Apr 11, 2018 · 3 min read

Oftentimes when people hear about, the first thing they ask is what they get out of it. Recently I came across a foreign exchange (FX) trader who didn’t want to hear a word about what does and how before he got to the bottom of how it’d give him a leg up.

“Look, don’t waste your breath on technicalities. Just tell me, what’s in it for me?” he roared.

He was right. Technicalities are for technicians; users have different priorities. So instead of running through the technical reasons why is the best thing on the face of the earth since chocolate, we decided to run a pulse with FX traders and see what’s really in it for them.

The setup is simple: We recruit a group of FX traders and ask them where they think the USD–CHF pair will trade by the end of the day and by the end of the week. Crucially, we also ask them how they think other traders would answer the same question. We can ask the same cohort of traders the same two questions regularly — say every week or every two weeks. This will give us much more fine-grained insights, but for now let’s just talk about a single pulse.

A typical trading question in

How much time do our respondents, in this case traders we recruited, have to answer the pulse? It all depends on how soon the client wants to act; the time horizon in the pulse, and how long we think is good enough for respondents to have the same information. For example, an hour is enough when pulsing for mid-day or close prices.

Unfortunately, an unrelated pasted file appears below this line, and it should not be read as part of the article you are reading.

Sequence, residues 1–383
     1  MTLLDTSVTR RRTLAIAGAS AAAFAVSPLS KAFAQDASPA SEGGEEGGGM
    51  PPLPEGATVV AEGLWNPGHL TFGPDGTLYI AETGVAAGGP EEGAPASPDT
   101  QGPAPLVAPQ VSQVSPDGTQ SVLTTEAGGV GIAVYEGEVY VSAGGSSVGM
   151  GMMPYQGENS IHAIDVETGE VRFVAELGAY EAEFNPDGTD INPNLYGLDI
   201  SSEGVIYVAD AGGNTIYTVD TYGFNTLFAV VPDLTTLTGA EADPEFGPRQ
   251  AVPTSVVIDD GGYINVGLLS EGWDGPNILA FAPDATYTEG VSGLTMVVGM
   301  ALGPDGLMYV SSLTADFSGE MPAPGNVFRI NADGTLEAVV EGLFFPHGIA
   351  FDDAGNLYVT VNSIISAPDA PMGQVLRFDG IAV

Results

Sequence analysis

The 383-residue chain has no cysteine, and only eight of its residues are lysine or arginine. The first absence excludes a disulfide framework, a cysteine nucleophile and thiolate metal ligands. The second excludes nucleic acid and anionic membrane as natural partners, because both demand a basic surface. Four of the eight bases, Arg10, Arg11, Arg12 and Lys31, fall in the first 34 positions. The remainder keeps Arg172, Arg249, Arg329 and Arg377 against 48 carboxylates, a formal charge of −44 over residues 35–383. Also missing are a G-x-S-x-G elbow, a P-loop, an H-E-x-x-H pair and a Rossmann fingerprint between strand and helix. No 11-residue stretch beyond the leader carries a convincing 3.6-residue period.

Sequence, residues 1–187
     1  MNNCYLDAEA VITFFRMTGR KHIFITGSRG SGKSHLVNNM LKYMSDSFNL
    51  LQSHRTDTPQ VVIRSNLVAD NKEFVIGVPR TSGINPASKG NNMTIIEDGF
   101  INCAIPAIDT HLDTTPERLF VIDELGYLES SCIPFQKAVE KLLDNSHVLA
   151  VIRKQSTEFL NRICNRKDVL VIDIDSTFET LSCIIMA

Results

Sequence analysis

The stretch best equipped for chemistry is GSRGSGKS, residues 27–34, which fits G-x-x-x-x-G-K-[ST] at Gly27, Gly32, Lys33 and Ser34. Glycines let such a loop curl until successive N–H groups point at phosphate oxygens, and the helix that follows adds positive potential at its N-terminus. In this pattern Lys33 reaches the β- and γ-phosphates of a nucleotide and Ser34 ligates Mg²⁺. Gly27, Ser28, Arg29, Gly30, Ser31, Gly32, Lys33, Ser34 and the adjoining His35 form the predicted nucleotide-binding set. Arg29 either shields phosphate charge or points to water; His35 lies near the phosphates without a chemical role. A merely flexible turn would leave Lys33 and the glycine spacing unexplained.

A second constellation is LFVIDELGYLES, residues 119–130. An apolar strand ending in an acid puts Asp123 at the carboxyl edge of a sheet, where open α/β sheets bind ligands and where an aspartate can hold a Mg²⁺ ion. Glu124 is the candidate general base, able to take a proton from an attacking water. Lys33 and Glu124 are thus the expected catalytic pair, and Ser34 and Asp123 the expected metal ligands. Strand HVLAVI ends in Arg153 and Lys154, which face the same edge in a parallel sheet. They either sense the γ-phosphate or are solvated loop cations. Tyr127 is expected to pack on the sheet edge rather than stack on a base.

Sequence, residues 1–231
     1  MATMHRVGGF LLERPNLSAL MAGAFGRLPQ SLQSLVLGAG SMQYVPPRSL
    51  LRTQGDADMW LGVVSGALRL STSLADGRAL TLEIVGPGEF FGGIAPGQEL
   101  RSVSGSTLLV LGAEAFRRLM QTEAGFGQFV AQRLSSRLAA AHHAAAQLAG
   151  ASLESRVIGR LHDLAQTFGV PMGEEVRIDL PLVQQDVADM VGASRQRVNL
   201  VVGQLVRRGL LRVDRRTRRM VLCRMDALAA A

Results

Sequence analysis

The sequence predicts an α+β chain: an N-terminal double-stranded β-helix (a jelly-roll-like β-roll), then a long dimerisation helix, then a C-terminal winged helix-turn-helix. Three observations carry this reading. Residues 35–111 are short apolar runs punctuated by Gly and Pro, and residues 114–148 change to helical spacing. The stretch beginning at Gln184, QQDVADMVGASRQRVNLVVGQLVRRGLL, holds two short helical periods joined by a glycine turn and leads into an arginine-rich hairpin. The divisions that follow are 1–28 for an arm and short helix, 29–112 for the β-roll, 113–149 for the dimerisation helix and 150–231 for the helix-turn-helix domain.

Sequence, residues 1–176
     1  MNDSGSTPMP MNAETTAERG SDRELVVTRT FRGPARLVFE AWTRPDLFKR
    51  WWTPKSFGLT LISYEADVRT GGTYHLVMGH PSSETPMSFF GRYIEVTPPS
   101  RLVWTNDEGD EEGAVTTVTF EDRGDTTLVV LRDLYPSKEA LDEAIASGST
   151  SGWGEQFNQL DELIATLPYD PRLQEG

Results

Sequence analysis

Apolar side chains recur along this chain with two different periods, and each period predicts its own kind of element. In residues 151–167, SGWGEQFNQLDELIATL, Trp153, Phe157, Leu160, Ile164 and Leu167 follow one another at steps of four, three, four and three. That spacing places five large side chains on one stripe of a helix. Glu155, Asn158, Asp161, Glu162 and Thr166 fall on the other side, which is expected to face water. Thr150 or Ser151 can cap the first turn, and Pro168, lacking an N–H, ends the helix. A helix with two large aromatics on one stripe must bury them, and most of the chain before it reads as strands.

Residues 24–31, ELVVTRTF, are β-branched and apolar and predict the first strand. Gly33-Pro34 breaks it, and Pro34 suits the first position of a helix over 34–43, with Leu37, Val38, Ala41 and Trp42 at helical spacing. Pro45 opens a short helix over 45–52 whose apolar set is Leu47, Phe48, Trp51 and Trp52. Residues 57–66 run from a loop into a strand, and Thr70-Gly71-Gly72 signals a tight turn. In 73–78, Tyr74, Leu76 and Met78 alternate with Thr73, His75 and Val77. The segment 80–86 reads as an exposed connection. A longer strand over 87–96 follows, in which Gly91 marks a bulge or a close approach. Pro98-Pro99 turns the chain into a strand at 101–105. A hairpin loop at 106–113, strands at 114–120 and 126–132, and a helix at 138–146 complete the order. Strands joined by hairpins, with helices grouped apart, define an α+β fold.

What happens next? People are motivated by money, competitiveness, social recognition, vanity or simply the drive to do the right thing. By asking respondents how they think others would answer the same question, pits respondents against each other; thus, revealing on aggregate stuff they may have kept under wraps, if we’d simply asked them about they themselves think.

This is all clever and nifty. But what’s in it for our jaded trader?

Immediately after the pulse is complete, sends the pulser three market signals: The dominant signal, the consensus and the surprise or uncertainty signal. These are not forecasts or predictions, is not telling traders that prices will be here or there with some confidence. As a matter of fact, predictions are overrated as we’ll discuss in another post.

Typical results of a trading pulse as market signals. goes one step further than mindless predictions like “There’s 60% chance USD–CHF will be above opening by COB”: It gives the trader the most unvarnished picture of what other traders in the market think about price movements. This is a superior source of information than analysts with no skin in the game or machines spewing chartist gibberish. The trader then builds a trading strategy based on the signal and other information at his disposal. A smart trader would use to elicit other traders’ trading strategies.

But I digress.

There’s also another benefit to using is built on the fire-and-forget principle. Both running the pulse and managing respondents’ rewards are automated so pulsers can focus on the right pulses rather than being burdened with operational trivialities. Smart contracts come into play when respondent plausible deniability and reward integrity play critical parts in the pulse.

Want to see the pulse I discussed in this post? Log into your account, switch to Pulses and import pulse “USD-CHF FX rating 27.02.2018”. is a powerful insight elicitation and rating platform supporting clients in complex, dynamic environments to achieve commanding leads against their competitors.


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I’m I. is a powerful insight elicitation and rating platform supporting clients in complex, dynamic environments to achieve commanding leads against their competitors.

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